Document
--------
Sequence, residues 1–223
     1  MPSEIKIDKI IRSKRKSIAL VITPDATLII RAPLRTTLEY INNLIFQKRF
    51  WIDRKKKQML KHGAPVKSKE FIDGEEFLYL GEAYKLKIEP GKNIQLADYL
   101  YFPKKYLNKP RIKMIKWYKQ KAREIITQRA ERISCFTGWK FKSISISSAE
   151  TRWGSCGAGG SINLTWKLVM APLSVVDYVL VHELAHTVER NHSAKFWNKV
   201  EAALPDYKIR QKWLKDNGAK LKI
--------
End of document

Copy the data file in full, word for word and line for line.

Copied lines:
Sequence, residues 1–223
     1  MPSEIKIDKI IRSKRKSIAL VITPDATLII RAPLRTTLEY INNLIFQKRF
    51  WIDRKKKQML KHGAPVKSKE FIDGEEFLYL GEAYKLKIEP GKNIQLADYL
   101  YFPKKYLNKP RIKMIKWYKQ KAREIITQRA ERISCFTGWK FKSISISSAE
   151  TRWGSCGAGG SINLTWKLVM APLSVVDYVL VHELAHTVER NHSAKFWNKV
   201  EAALPDYKIR QKWLKDNGAK LKI